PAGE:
June 28, 2013 | 10
Psychophysics secretly dominates our social sciences. Such physics-ing often improves experimental practice, but its mathematical methods face new challenges. As every infant knows, but too many scientists ignore, people aren’t biological billiard balls.
The founders of psychophysics were the first to treat psychology as an experimental and quantifiable science. They studied the effects of physical stimuli on mental states as physicists would. Gustav Fechner popularized the term in 1860 along with his theory that the intensity of sensations varied geometrically with stimulus.
The metaphors and methods of physics were already being tried on people. John Locke, the “Newton of the mind,” described the pull of pleasure as “gravitational.” And Jeremy Bentham believed: “Nature has placed mankind under…two sovereign masters, pain and pleasure…[they]…alone…determine what we shall do…The principle of utility recognizes this.” Utility became the keyword, used to lock away libraries of literature on the complexities of human motivation.
There were dissenters—Darwin wrote “The common assumption that men must be impelled to every action by experiencing some pleasure or pain may be erroneous…[we often act]…independently of any pleasure or pain felt at the moment.” But utility’s simplicity still attracts. Daniel Kahneman’s 2002 Nobel Prize was awarded for using the psychophysics of utility—nonlinear psychological responses to money—to challenge rational-agent economics.
Clearly, people are subject to the laws of physics. But nothing in physics chooses. Physics needs no strategies or game theory. Its main business is mechanical causation. Physics has no future. Like the best Buddhists, it feels only the forces of the present. Human psychology is different from physics precisely because it evolved to weigh and choose between forces from different possible futures.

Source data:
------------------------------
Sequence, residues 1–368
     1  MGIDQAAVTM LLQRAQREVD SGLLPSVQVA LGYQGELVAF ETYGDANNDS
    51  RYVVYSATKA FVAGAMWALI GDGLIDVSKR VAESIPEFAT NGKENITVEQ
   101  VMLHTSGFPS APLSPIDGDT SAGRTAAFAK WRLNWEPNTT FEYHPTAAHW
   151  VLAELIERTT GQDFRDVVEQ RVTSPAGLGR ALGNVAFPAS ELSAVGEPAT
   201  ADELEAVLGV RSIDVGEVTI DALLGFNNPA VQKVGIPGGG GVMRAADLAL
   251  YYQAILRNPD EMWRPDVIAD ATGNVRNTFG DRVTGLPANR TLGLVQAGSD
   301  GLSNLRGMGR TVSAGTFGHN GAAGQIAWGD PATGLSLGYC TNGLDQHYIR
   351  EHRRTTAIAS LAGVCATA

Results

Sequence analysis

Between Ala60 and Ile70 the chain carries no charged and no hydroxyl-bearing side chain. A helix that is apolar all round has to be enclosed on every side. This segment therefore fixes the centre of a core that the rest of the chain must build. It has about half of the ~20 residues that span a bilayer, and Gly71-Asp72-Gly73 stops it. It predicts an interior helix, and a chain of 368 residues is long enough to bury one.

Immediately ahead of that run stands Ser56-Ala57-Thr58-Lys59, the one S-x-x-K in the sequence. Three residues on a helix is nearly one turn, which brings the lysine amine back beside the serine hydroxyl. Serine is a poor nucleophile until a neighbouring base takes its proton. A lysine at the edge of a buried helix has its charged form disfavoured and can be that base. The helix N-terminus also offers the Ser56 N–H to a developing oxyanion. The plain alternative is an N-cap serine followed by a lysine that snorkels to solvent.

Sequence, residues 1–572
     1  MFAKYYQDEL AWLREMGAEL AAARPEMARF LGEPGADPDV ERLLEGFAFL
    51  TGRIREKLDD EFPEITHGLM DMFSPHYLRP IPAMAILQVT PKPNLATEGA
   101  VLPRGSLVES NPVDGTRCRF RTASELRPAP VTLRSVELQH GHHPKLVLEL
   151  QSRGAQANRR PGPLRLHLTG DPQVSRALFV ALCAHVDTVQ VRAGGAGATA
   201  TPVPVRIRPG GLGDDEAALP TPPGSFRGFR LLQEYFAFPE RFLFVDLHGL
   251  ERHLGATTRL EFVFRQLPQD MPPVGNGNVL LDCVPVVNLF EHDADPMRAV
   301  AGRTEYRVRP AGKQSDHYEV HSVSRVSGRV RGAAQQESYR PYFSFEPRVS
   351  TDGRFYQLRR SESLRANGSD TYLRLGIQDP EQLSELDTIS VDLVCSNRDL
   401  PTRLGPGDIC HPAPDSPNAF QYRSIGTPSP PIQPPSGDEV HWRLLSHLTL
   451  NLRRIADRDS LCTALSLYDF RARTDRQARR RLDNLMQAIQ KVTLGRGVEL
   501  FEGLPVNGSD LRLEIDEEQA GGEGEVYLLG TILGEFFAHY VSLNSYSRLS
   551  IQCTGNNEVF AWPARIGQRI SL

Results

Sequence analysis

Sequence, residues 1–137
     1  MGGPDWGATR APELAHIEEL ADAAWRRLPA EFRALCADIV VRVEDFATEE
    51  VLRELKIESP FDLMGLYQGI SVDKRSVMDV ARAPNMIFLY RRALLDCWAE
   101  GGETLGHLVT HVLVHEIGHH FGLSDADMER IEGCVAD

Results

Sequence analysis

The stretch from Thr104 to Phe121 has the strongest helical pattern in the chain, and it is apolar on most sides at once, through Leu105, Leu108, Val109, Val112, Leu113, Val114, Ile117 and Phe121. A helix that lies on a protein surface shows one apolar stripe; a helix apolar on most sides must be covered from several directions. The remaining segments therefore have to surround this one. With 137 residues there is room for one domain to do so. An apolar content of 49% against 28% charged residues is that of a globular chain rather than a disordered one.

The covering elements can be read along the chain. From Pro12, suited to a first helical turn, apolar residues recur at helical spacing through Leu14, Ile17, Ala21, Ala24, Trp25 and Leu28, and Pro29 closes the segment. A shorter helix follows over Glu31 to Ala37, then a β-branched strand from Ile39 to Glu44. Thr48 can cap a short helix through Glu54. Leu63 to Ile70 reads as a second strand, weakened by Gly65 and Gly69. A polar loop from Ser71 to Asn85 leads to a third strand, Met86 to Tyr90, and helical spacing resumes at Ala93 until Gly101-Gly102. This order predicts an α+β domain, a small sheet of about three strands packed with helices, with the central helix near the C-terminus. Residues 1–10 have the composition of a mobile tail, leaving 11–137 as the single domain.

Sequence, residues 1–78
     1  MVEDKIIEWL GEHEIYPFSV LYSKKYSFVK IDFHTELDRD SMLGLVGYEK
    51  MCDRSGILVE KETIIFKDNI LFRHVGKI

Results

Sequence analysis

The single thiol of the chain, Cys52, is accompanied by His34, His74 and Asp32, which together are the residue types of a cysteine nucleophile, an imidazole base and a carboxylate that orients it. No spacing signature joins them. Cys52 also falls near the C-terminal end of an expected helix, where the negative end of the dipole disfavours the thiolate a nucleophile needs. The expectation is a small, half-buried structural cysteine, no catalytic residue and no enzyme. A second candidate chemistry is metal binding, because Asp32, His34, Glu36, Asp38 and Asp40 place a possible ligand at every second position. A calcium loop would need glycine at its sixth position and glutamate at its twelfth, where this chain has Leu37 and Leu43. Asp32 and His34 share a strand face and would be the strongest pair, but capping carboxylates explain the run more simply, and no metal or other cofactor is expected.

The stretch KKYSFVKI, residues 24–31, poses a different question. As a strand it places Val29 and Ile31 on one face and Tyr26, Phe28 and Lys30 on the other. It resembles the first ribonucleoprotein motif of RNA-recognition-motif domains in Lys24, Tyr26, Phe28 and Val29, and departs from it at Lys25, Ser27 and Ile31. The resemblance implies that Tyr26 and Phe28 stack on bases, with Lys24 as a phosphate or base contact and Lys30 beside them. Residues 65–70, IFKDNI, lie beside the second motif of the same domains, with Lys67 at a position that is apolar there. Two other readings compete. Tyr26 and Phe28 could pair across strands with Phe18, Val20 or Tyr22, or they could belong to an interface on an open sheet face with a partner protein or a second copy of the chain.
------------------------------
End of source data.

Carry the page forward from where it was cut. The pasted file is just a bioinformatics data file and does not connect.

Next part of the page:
Physics developed in situations like this: Everything of type X always does Y under conditions Z, where X, Y and Z are mathematically related. And simple scenarios such as: Every action has an equal and opposite reaction. Some people behaviors are like that. But many are not.
Consider Darwin’s observation that “many a Hindoo…has been stirred to the bottom of his soul by having partaken of unclean food.” The same food eaten unknowingly, or by an unbeliever (even an identical twin), wouldn’t cause the same reaction. The story of the food, not the food itself, causes the “soul shaking.” In psychology, the same stimulus often doesn’t cause the same reaction.
Unmathematical narrative-like patterns of contingency influence our reactions and decisions. Their flexible, if-then, weakly causal, multifactor kind of logic is different from that typical of the number-struck sciences. Babies use “contingency patterns” to distinguish objects that behave with physics-like regularities from objects with agency. Free will, real or not, changes practical predictability. Too many scientists aren’t as practical as babies.
Illustration by Julia Suits, The New Yorker Cartoonist & author of The Extraordinary Catalog of Peculiar Inventions.
Previously in this series:
Kahneman and Bentham’s Bucket of Happiness
Kahneman’s Clarity: Using Mysterious Coinage in Science
What Rational Really Means
The Cognitive Science of Star Trek
Colonoscopies Clarify Inner Workings of Minds
Happiness Should Be A Verb
Better Behaved Behavioral Models
Rationality In Markets Is Cognitively Unnatural
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